Musings around Collective Bargaining

How is it that an employer is ever able to complain about what is in the Collective agreement? Have the employers and their agents not dedicated hundreds or even thousands of hours to the process; the end result being a mutually agreeable set of rules?

I am just staggered when I hear a supervisor state that members are ‘unreasonably’ protected by the Agreement. It would seem to me that the members are being very reasonably protected. In the absence of the Agreement, petty personal conflicts around philosophies of education and class-room management might dominate.

We need Collective agreements to ensure a fair and reasonable application of the expectations around our jobs. We need to know our rights, but we also need to know what is expected of us.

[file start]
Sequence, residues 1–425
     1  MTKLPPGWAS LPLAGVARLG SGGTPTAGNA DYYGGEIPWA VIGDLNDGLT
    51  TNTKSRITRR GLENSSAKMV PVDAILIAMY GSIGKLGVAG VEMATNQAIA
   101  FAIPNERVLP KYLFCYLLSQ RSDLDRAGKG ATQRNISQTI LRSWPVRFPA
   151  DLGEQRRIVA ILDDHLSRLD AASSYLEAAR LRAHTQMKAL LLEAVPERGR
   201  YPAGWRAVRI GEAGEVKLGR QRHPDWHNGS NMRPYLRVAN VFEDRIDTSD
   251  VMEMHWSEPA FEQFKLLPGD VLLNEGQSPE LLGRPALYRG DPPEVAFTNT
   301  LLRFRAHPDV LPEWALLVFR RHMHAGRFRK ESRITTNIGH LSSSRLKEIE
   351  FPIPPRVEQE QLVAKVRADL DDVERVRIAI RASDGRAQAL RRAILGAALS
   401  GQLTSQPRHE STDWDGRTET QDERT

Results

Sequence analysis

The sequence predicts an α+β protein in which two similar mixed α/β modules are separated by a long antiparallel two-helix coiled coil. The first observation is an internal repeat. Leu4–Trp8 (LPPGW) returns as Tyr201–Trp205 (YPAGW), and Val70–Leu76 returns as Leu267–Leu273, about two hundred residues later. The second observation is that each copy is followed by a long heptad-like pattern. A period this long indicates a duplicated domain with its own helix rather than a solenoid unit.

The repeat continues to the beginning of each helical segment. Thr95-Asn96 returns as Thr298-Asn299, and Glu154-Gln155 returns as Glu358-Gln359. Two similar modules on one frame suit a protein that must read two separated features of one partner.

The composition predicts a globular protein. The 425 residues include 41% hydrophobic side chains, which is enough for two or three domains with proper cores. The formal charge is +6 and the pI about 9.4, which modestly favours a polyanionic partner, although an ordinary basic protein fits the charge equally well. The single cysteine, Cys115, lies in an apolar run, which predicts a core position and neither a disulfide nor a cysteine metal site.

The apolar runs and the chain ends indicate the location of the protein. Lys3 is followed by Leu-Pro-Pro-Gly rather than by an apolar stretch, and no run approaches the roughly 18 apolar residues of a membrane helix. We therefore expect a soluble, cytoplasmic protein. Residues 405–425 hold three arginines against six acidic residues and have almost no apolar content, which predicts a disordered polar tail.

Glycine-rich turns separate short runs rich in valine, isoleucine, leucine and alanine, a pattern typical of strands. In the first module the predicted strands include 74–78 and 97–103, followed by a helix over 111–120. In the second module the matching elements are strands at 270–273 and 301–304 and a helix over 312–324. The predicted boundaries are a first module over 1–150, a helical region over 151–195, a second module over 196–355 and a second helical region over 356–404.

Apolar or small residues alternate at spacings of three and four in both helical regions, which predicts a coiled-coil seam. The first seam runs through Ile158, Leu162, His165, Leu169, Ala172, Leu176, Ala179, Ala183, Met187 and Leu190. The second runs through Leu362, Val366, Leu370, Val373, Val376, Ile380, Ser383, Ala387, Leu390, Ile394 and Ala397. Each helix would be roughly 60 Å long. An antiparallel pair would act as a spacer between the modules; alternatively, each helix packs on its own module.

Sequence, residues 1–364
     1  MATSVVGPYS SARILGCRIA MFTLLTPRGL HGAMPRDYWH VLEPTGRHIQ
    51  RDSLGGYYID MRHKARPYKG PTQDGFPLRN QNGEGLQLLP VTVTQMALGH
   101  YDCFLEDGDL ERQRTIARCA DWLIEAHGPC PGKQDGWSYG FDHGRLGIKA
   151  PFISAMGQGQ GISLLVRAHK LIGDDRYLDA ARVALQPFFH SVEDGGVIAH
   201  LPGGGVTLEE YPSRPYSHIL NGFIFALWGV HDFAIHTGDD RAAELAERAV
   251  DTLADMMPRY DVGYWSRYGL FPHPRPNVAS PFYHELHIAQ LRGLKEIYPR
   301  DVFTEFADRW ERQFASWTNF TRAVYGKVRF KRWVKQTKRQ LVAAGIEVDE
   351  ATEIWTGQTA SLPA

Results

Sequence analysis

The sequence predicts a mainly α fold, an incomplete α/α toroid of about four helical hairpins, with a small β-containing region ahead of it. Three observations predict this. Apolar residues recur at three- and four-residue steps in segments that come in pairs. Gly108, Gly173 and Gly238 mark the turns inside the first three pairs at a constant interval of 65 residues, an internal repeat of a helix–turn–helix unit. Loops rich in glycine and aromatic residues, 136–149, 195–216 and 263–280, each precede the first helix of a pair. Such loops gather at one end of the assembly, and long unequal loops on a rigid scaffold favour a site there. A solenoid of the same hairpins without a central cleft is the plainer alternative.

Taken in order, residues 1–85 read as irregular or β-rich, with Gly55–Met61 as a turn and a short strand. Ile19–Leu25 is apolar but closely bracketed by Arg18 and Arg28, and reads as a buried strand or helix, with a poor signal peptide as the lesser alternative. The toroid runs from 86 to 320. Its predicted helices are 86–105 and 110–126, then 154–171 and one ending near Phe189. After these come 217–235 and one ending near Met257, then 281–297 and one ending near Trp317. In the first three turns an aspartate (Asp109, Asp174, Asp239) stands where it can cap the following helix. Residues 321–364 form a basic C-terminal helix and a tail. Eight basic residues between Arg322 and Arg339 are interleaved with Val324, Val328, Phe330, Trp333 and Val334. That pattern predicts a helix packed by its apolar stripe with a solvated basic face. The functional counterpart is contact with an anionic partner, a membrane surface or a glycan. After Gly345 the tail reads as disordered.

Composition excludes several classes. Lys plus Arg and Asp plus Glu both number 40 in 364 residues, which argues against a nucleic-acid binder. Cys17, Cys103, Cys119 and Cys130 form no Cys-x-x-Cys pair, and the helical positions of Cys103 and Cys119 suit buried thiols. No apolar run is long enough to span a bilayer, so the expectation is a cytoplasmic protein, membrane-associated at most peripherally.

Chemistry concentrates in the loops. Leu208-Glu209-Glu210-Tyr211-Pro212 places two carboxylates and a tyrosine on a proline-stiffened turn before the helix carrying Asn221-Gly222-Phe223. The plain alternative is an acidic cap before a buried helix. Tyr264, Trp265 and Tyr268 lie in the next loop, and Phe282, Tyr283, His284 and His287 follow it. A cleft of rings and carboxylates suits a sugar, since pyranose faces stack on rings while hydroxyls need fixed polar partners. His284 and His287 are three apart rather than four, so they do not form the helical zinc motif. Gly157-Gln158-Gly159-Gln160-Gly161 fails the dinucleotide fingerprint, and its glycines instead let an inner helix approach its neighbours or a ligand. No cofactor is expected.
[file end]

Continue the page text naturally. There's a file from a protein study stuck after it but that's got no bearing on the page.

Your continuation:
How do we ensure that our rights are protected, while we do our best to meet our obligations to the employer, and ultimately to the students?

We need to make every effort to learn what is in the contracts, whether Provincial or Local. More importantly, we have to be prepared to stand fast on the rights that we have negotiated. Too often, I’ve spoken to members reluctant to apply language that has already been negotiated AND has already been signed off by both the Union and the Employer.

A supervisor who ignores or bends the agreement for their personal benefit needs to be called on this. In effect, they are ignoring the agreement that THEIR supervisors have approved. They are acting in an insubordinate manner. Are they doing this as the result of a wanton maliciousness, a general ignorance of the rules, or a complete misinterpretation of what they heard at that particular meeting? Regardless, as a Union, we have to do all that we can to assist members in asserting their hard-won rights.

We have bargained and we have agreed. We now have to ensure the fair application of the various agreements. We have to stand fast on the intent of each clause as it was negotiated. None of this is easy, but it is necessary.